Monitoring compositional changes in Ni(OH)2 electrocatalysts employed in the oxygen evolution reaction†
Electrochemical water splitting to generate hydrogen has been identified as a possible solution to the storage of intermittent renewable energy. However there are still challenges remaining in the development of stable electrocatalysts for the oxygen evolution half-reaction. Here we investigate the effects that the oxygen evolution reaction (OER) has on an electrodeposited Ni(OH)2 catalyst operated under alkaline conditions. The electrocatalyst was characterised by established methods including cyclic voltammetry, electrochemical impedance spectroscopy, scanning electron microscopy, atomic force microscopy, X-ray photoelectron spectroscopy both before and after the OER to identify changes that may have occurred in the structure and/or composition of the catalyst. In addition, synchrotron X-ray absorption near edge structure mapping was used to generate spatially resolved maps of the species present within the Ni(OH)2 catalyst and how they change in a heterogeneous manner into a NiO species after the OER. When compared to the morphological data it suggests that changes in the morphology after the OER can be correlated to the formation of NiO within the newly formed clusters that were generated across the electrocatalyst.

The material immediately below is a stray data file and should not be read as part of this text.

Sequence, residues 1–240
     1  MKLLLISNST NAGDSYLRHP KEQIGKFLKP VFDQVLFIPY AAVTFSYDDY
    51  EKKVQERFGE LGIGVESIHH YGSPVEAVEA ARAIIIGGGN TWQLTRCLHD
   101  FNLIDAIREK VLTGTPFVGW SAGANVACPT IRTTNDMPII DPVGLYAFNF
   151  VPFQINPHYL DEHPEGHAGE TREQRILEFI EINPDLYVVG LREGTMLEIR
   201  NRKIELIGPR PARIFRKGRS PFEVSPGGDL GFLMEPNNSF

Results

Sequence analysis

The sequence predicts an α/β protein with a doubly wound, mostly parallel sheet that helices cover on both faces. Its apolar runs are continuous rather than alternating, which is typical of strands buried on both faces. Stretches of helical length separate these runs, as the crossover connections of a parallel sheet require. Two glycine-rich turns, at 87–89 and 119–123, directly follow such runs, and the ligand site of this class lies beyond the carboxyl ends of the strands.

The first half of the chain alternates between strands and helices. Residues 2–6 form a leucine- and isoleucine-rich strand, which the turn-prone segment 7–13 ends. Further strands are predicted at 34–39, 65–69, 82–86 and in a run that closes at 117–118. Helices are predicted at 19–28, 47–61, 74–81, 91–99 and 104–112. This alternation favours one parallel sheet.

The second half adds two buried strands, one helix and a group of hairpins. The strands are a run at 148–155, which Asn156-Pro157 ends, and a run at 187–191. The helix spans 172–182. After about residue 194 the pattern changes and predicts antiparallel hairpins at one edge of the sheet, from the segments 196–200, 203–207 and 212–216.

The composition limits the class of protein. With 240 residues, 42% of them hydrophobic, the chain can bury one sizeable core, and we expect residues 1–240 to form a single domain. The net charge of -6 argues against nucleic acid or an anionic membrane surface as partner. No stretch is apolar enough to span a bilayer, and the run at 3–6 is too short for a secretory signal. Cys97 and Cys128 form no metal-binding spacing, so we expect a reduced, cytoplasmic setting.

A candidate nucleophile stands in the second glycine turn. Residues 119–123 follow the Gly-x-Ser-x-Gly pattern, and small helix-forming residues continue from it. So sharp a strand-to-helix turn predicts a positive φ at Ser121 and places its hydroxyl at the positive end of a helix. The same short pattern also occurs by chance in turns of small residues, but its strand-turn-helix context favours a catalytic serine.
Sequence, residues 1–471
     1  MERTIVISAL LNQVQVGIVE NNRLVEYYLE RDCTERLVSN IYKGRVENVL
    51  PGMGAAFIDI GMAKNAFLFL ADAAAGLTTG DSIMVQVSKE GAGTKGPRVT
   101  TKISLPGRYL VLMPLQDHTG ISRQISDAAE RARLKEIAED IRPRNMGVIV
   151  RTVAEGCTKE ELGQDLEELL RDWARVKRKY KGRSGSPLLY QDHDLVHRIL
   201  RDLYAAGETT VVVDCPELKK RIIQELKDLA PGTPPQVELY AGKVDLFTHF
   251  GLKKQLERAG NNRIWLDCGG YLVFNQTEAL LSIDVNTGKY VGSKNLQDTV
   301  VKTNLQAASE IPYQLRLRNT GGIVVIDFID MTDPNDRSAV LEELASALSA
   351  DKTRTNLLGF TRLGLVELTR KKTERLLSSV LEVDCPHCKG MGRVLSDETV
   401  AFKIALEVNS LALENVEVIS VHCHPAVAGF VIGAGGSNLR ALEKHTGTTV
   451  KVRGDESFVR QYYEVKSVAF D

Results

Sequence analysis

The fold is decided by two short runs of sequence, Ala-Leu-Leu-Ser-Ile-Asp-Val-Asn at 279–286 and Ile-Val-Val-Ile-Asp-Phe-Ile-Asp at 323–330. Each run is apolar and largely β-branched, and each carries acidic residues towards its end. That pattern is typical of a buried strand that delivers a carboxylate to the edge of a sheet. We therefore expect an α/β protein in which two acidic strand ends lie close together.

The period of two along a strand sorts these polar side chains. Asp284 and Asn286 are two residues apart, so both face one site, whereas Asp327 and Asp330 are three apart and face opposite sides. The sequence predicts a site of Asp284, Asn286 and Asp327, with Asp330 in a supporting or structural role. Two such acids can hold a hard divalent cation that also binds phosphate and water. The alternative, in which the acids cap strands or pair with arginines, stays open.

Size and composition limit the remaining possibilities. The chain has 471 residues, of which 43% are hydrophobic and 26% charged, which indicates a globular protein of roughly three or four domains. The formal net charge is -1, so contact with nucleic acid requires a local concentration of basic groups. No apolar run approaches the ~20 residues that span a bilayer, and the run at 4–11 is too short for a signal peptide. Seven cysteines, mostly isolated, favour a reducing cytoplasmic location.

- This article is part of the themed collection: Versatile Electrochemical Approaches